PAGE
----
• Use by - This is the closest to a safety date you get but the USDA does not recognize it as such. Essentially, it tells you when you should consume the sauce for the best taste. Again, you can eat the sauce after this but it won’t be top quality. 
  • Freeze by - This date tells you when you should freeze the sauce to preserve the quality. Again it’s not a safety date, you can freeze it after the date but won’t be as tasty. 

When you drill down into these wordings they seem to be pretty useless indications. And they are. The truth looks a little bit like this: 

Sauce Type

Past Date

Tomato-based sauce

1 year

Dairy-based sauce

6-8 months

Oil-based sauce

1 year

Dried packet sauce

6-8 months

These timings are only relevant if you have not opened the jar. The tamper-proof seal should still be in place. 

Another thing that you might spot on the back of the sauce jar is a sentence that goes a little like this: 

Once opened, consume within ...     

This is generally a better indication of when the sauce will go off. However, some companies tend to err on the side of caution to avoid lawsuits.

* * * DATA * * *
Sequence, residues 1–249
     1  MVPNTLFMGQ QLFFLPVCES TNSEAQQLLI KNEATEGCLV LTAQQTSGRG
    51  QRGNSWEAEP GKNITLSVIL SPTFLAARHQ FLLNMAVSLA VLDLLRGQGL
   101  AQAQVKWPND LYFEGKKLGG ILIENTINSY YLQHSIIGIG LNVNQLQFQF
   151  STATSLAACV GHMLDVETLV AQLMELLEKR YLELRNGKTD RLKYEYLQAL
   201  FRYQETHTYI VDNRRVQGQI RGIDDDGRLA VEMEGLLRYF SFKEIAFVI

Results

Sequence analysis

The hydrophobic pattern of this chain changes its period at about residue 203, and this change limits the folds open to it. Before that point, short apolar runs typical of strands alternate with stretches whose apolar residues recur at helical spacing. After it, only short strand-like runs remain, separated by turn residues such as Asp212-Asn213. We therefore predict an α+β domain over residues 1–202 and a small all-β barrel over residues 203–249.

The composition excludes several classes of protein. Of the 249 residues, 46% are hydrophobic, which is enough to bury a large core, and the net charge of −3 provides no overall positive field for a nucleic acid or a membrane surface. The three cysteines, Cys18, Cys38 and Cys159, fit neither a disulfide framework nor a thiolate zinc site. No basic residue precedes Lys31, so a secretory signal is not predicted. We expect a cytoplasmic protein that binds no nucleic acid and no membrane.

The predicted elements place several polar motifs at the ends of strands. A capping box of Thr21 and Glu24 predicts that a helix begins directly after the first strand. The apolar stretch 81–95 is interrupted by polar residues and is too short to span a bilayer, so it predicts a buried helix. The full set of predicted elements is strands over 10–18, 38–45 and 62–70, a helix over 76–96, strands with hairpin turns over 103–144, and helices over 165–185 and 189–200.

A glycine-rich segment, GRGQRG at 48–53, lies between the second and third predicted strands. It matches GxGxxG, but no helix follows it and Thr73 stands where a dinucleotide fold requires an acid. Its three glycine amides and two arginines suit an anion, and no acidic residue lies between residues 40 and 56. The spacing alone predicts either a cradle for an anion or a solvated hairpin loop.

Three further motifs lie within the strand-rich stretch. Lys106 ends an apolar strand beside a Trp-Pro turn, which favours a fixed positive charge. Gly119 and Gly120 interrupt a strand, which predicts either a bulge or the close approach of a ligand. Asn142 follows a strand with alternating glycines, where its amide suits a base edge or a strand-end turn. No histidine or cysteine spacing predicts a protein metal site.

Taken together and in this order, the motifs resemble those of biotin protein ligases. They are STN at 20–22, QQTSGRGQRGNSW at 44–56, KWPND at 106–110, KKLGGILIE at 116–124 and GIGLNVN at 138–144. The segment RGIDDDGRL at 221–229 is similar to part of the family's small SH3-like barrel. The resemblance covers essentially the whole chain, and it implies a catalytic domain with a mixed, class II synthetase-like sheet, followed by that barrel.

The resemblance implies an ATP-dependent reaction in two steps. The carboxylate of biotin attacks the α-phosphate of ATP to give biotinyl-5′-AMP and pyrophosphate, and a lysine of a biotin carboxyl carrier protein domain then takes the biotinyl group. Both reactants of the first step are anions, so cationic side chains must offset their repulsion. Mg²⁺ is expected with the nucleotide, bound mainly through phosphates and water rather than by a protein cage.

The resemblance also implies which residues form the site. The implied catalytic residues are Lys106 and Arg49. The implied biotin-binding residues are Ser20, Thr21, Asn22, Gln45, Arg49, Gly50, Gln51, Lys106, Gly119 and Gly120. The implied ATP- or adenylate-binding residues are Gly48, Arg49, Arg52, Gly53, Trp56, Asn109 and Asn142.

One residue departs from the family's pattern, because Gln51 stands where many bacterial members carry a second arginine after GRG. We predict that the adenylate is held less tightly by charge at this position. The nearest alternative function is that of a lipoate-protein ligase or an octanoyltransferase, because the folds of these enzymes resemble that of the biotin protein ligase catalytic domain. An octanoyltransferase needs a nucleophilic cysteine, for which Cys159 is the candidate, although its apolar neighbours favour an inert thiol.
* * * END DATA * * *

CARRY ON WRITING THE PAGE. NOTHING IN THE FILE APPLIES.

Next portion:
The general rule for each kind of sauce is as follows: 

Sauce Type

Past Opening

Tomato-based sauce

5-10 days

Dairy-based sauce

7 days

Oil-based sauce

2 weeks

Dried packet sauce

7 days when prepared

These are all general guidelines and you will need to use your judgment. Scroll down to find out how you can tell if a sauce is gone off. 

Homemade Sauces

The sad fact is, homemade sauces do not last as long as store-bought sauces. This is because they don’t have artificial preservatives. 

It’s a bit of a kick in the teeth really. You spend all that time hunched over the stove crafting this wonderfully homey spaghetti sauce only to watch it wilt and die faster than the store-bought stuff.